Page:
Overall, recent polls have been received with great caution by investors. Monday’s Datafolha poll triggered a considerable sell-off in local markets, as it confirmed that Alckmin continues to fail to gain traction while Bolsonaro, who most investors consider to be a second-best option, appeared to be a weak contender against the left in runoff simulations.
Tuesday’s Ibope poll did not alter that assessment for Alckmin, but it gave a slightly improved edge to Bolsonaro. In any case, both polls still indicate that Bolsonaro continues to have the highest rejection rate among all the candidates, suggesting that he is likely to struggle to maintain his advantage after the first round. This difficulty could increase if the candidate fails to make a full recovery relatively soon, a risk that should be considered in light of the emergency procedure he underwent yesterday. In principle, this increases greatly the likelihood of a left-leaning victory in the October 28 runoff.
Monetary policy at an inflection point
The highly unpredictable political and fiscal outlook, and its potentially temporary impact on the Brazilian Real, complicate the central bank’s decision in next week’s (Sep 19) monetary policy meeting.
The negative impact the BRL weakness will have in the bank’s inflation forecasts, which should increase towards 5% in some scenarios, ie, materially above the 4.25% target for 2019, would be sufficient to justify an increase in the SELIC rate (6.5%). But the possibility that the BRL may be overshooting, and that it could rally in the post-election period, depending on the policy signals adopted by the President-elect, could give policymakers pause.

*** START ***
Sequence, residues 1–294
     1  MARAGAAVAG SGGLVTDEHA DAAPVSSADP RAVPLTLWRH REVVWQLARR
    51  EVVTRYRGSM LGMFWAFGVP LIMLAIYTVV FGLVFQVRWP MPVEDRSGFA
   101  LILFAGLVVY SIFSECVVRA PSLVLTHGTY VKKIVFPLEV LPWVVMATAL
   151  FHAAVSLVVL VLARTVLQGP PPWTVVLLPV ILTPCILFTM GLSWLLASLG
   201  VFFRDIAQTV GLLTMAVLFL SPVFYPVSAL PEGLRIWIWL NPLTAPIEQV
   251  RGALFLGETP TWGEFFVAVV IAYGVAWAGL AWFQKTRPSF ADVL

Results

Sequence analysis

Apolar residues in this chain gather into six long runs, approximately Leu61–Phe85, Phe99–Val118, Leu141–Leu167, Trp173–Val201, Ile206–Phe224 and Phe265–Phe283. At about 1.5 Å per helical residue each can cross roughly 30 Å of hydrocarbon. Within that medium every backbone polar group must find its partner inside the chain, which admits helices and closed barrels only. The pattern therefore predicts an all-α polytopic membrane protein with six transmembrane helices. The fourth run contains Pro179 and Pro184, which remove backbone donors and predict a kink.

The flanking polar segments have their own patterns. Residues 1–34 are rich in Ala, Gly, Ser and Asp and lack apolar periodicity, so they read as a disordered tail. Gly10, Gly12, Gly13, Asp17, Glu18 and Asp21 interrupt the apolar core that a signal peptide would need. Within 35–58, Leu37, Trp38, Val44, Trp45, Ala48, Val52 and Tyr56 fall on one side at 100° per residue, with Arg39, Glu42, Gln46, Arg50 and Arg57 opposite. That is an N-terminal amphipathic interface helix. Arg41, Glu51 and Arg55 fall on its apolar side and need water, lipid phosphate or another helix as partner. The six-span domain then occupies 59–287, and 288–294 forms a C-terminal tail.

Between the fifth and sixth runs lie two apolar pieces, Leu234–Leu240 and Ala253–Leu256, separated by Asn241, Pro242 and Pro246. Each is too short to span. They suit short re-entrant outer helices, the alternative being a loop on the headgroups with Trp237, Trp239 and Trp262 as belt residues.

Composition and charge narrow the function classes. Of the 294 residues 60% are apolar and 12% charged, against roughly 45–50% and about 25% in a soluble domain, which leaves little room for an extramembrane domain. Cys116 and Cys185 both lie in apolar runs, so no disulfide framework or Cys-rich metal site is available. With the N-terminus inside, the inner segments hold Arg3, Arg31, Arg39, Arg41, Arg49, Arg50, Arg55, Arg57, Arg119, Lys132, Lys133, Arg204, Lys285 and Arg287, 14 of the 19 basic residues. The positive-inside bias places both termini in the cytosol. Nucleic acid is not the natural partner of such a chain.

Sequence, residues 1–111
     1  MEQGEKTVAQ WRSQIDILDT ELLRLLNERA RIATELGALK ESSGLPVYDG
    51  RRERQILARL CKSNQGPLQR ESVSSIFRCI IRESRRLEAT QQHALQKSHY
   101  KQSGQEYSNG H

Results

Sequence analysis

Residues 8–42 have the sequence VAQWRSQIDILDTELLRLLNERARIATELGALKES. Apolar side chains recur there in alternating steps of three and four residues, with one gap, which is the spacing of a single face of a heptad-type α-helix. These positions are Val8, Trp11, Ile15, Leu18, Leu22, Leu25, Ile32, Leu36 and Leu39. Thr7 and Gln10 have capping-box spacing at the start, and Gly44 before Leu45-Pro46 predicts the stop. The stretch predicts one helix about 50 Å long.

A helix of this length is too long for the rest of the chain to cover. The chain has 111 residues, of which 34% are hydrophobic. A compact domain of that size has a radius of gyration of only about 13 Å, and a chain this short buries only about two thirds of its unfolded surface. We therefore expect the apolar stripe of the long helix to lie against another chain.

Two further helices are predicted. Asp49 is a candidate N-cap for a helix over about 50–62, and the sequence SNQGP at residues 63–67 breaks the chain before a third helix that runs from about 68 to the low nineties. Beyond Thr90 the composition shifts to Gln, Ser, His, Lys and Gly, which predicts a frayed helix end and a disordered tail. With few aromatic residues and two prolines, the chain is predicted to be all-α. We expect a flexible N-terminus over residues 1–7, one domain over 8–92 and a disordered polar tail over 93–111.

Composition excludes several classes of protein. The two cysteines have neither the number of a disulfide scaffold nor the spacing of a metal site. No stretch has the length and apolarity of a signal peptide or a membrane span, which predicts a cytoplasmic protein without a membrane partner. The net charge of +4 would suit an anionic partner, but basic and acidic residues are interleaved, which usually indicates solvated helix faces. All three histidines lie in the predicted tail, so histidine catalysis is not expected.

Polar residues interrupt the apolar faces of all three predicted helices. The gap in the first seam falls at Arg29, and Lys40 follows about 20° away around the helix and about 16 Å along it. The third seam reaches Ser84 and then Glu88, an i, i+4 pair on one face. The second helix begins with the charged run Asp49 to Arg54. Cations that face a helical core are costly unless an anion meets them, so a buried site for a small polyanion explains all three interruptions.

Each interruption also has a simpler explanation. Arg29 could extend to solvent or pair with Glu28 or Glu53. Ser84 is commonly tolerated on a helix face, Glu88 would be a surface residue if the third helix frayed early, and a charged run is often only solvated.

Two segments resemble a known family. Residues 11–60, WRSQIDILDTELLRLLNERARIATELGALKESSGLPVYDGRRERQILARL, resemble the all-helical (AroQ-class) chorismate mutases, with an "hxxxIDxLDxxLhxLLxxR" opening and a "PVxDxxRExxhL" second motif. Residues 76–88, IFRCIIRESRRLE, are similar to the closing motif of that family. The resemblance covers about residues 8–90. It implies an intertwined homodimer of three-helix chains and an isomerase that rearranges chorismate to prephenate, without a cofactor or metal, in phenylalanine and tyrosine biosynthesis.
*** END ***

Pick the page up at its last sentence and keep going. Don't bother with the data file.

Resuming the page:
A decision to delay a rate hike would also be consistent with recent inflation and economic activity data, in addition to the substantial slack in labor markets. On the inflation side, the latest inflation prints have surprised to the downside, while inflation expectations have remained persistently low (and fully-anchored), as seen in central bank surveys (chart below). Activity data continues meanwhile to disappoint, with the latest figures trending at sub-1% YoY levels, confirming a clear loss in momentum and adding downside risk to the GDP growth outlook.
We do not discard a rate hike however. A hike could also be justified as a means to reduce BRL vulnerabilities, by improving the carry and increasing the financial cost of short-BRL positions. But recent central bank behavior, in particular the bank’s apparent reluctance to intervene in the FX market, suggests that policymakers are relatively comfortable with the FX performance. As a result, officials do not seem inclined to implement changes in the policy rate, at least for now, strictly as an effort to anchor FX dynamics.
Overall, we suspect authorities will prefer to alter the guidance from neutral to hawkish, instead of opting for an outright rate hike at this meeting. Given the low inflation and still substantial ammunition to intervene in the FX market, if necessary, authorities can wait until after the elections, when a better assessment of the political and fiscal outlooks will be possible. We would consider this an appropriate response given that the fiscal outlook remains the most crucial ingredient in the assessment of next-year’s monetary policy path.